Skimmer gangs are reportedly targeting POS terminals across the United States.
Indeed, Michaels Stores was recently forced to replace more than 7,200 credit card terminals nationwide after confirming thieves had modded or replaced machines to grab customer payment card data and PINs.
Although the specific device used to siphon the data has not been made public, security analyst Brian Krebs notes many components and services are routinely sold on the "criminal underground" to facilitate such fraud.
"I spoke at length to a POS skimmer seller who has been peddling POS modification devices on an exclusive underground fraud forum for more than a year," explained Krebs.
"From the feedback left on his profile it is clear he had many satisfied customers. Buyers specify the make and model of the POS equipment they want to compromise - [and] this guy specializes in hacking VeriFone devices, but he also advertises kits for devices manufactured by POS makers Ingenico, Xyrun, TechTrex."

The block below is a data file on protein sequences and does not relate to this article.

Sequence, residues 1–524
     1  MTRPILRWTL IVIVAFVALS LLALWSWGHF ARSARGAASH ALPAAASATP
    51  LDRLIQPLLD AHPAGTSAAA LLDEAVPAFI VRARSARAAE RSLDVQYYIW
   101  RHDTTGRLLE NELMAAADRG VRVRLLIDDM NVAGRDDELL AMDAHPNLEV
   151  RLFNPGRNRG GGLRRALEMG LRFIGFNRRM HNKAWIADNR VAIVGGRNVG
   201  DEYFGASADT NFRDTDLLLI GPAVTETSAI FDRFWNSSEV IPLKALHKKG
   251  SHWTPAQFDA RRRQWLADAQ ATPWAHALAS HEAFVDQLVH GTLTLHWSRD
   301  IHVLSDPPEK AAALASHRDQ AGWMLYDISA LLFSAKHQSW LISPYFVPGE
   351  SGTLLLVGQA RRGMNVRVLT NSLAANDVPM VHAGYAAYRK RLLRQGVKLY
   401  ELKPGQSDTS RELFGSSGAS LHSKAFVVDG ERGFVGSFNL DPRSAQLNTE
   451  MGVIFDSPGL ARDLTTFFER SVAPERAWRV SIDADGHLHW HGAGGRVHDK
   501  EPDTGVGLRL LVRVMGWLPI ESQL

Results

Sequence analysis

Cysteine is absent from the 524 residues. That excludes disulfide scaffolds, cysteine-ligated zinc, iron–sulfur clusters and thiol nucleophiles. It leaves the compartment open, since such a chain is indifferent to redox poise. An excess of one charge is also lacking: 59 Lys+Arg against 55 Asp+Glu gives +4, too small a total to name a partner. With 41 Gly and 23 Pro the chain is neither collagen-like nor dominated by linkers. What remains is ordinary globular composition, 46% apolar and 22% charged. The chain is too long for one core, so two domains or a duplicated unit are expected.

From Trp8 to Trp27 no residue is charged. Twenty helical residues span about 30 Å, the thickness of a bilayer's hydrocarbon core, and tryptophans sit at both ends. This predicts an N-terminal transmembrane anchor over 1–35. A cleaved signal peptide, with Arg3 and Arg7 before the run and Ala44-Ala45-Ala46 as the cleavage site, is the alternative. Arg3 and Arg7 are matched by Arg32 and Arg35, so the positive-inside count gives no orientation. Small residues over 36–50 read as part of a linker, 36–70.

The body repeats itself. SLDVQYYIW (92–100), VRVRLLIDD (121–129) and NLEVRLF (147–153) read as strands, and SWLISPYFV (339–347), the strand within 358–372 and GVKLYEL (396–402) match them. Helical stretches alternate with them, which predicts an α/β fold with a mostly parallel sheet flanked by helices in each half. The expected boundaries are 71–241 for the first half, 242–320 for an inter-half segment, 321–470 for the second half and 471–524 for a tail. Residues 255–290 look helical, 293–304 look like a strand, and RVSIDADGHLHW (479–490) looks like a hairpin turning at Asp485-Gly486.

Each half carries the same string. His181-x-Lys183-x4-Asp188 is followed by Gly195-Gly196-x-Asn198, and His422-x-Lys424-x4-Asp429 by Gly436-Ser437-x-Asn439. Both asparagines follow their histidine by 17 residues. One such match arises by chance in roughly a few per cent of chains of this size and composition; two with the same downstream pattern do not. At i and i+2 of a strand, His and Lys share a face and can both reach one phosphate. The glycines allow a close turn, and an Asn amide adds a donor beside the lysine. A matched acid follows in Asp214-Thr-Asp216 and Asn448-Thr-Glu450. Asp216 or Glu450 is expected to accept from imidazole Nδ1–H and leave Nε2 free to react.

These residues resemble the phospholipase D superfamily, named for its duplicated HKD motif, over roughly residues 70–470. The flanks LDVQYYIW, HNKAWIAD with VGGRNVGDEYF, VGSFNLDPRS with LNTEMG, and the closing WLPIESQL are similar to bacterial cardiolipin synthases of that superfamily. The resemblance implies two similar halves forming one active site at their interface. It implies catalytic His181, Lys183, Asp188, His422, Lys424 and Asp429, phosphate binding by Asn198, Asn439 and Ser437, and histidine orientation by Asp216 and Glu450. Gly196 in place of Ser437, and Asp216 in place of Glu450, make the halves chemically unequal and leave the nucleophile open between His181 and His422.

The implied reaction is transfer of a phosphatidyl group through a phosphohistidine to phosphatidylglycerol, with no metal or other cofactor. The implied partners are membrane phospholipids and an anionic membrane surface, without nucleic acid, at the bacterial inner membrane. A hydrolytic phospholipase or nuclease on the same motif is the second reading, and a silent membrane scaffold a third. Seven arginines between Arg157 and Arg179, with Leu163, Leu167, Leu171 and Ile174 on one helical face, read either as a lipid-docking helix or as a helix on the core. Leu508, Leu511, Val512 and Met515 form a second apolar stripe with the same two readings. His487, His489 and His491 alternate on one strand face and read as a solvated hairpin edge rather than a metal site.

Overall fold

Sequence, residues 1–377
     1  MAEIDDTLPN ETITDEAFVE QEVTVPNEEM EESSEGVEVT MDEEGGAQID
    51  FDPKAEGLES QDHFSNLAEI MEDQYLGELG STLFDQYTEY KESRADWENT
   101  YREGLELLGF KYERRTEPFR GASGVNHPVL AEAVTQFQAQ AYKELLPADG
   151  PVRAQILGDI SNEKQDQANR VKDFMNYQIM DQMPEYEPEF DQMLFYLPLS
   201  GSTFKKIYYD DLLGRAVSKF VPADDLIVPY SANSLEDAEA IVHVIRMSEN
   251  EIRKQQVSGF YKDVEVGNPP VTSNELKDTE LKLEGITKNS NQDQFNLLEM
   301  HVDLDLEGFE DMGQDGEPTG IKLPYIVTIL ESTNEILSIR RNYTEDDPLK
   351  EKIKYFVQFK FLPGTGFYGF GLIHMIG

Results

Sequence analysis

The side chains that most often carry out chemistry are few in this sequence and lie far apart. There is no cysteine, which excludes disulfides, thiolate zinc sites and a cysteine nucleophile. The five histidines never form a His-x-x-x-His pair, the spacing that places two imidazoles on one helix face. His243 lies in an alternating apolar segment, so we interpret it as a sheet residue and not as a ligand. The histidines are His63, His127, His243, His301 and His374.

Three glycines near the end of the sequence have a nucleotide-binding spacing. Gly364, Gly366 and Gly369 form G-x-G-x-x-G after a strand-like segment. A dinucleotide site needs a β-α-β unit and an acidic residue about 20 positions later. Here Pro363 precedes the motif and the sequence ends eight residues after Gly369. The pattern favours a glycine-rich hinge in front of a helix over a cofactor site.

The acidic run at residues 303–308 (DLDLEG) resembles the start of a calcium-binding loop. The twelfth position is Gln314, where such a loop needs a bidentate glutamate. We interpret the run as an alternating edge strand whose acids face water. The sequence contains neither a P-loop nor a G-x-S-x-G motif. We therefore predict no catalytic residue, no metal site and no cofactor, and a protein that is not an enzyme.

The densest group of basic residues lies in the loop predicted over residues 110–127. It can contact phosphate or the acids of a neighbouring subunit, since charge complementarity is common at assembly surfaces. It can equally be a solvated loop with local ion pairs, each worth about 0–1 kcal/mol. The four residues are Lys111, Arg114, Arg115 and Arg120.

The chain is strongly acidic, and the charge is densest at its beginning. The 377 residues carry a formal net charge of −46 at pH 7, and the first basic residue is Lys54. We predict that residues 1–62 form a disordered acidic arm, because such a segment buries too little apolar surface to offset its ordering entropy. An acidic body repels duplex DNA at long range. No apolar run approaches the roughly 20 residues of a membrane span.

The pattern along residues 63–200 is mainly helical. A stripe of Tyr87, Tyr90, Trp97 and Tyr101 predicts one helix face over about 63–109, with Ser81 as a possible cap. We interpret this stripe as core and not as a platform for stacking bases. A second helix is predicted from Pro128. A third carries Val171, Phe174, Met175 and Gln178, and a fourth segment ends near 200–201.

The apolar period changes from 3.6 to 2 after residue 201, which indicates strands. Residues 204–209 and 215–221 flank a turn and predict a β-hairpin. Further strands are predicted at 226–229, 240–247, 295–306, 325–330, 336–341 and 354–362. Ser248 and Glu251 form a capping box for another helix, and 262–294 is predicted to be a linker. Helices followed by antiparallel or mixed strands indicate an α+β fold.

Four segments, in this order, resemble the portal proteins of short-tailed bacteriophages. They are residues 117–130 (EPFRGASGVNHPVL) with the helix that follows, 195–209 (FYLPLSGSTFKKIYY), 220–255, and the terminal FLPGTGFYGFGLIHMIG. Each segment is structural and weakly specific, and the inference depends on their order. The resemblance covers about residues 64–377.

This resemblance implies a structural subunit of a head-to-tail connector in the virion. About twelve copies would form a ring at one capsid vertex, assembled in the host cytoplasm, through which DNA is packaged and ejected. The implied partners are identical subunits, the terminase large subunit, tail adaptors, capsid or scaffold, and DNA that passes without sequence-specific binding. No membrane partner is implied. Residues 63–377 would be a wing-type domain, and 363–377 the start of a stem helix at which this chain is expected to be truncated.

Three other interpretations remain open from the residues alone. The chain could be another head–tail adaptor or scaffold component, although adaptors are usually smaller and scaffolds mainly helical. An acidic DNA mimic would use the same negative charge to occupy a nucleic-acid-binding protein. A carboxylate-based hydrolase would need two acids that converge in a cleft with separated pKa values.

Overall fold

So, how do the POS devices work?
Well, the above-mentioned seller offers a DIY kit that includes a PIN pad skimmer and two small circuit boards. One is a programmable board with software designed to interact with the real card reader and store stolen data, while the other is a Bluetooth-enabled board that allows thieves to wirelessly download stolen card info from hacked devices using a laptop or smartphone.
As you can see, the PIN pad skimmer is an ultra-thin membrane that is inserted underneath the original silicon PIN pad.
Once installed, it records every button pressed with a date and time stamp. The compromised data is subsequently exploited to create counterfeit cards which can be used in combination with the victim's PIN to withdraw cash from ATMs.
This particular skimmer model weighs in at $3,000, although customers who purchase 10 or more kits are offered a reduced price of $2,000 per unit.